Ageing is a privilege, not a predicament.
Do you sometimes look to the past to bemoan what you no longer have in the present?
I used to have defined abdominal muscles and I used to be able to run a half marathon
That was then. Now my core is strong but nicely insulated by some menopausal abdominal padding and I can manage to run/walk 5kms at a slow steady pace.
But I feel very satisfied and grateful with what my 56-year-old body can do today!
Accepting the ageing process is challenging because we are programmed to think we have to fight it. Why is being perceived as younger seen as better than being our real age?
As a fitness instructor, I so often hear clients say, ‘I used to be able to do ..xyz’ with a sense of real deflation.
But that was then and this is now.
Looking backwards and focusing on what you used to be able to do doesn’t really help you move forward. It operates on the premise that everything in life stays the same. Having set expectations can underpin a sense of failure before you even begin.
Why not create a new template for the present that accommodates the changes that have occurred internally and externally over time?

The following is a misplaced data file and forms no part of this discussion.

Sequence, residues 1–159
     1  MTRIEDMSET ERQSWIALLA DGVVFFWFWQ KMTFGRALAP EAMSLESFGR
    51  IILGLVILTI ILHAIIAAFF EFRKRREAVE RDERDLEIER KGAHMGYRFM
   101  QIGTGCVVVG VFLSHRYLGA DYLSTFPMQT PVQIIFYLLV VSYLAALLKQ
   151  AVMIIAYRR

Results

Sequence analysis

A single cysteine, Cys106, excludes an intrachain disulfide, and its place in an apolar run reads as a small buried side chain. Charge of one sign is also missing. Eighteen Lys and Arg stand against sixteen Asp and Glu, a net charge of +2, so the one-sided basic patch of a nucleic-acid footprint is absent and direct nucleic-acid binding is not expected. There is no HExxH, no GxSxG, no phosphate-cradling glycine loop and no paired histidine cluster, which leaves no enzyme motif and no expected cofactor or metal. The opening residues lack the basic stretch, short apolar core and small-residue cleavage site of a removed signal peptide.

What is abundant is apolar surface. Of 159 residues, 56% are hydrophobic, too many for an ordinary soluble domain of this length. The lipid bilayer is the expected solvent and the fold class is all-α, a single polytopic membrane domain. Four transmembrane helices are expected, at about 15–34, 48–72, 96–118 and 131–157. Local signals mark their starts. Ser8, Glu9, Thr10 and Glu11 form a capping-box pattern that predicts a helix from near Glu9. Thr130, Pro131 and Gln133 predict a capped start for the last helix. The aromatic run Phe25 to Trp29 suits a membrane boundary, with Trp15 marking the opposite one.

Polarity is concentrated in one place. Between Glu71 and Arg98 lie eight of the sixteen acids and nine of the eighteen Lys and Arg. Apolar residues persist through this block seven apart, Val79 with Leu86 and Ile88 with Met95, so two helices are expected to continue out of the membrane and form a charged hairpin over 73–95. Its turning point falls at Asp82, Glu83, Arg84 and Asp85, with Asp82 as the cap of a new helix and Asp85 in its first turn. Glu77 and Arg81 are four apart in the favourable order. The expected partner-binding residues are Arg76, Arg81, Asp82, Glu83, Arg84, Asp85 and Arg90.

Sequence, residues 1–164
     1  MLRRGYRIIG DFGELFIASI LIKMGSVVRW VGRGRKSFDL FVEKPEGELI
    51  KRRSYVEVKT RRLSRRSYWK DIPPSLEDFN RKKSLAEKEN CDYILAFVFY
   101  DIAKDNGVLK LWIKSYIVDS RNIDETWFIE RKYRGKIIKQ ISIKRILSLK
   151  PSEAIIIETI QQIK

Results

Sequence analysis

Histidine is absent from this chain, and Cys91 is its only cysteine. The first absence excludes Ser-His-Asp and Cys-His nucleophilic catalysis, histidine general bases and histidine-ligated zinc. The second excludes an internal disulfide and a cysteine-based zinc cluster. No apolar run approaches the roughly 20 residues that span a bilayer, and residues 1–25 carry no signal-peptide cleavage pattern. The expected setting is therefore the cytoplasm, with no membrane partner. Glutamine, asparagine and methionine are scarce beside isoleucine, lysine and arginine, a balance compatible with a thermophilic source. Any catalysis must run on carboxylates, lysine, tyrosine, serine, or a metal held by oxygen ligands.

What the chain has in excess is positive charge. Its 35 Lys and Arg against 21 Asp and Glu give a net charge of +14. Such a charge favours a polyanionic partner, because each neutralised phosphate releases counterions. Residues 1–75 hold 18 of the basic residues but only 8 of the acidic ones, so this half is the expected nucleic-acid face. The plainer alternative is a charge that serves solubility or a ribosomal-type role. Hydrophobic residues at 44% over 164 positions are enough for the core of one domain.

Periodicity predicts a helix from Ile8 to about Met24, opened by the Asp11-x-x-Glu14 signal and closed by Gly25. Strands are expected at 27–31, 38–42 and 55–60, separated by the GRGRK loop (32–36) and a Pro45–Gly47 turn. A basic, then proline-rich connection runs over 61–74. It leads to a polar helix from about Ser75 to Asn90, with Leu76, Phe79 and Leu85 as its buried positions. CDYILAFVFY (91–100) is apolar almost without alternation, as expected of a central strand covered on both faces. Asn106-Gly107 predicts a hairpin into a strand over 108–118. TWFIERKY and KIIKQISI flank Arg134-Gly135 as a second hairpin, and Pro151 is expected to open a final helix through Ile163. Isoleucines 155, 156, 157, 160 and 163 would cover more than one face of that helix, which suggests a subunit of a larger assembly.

Don’t forget that injuries, work situations, children, illness, stress etc all play a part in what we are able to do in our ‘now’.
We are better to use past experience to inform our present not lament it.
Whilst we might not be able to do exactly the same things as we did previously, we know what we love and what makes us feel good. We are also stronger and more resilient for having done them. Reflect on what you understand about your body and how it responds to exercise and then set your goals accordingly. Be proactive. Find a place to exercise where you feel comfortable and supported. Consult health professionals and seek the information that you need to create a sustainable health and wellness program that works for you.
As David Bowie said, ‘Ageing is an extraordinary process where you become the person you should always have been’.
Founder Just Believe Fit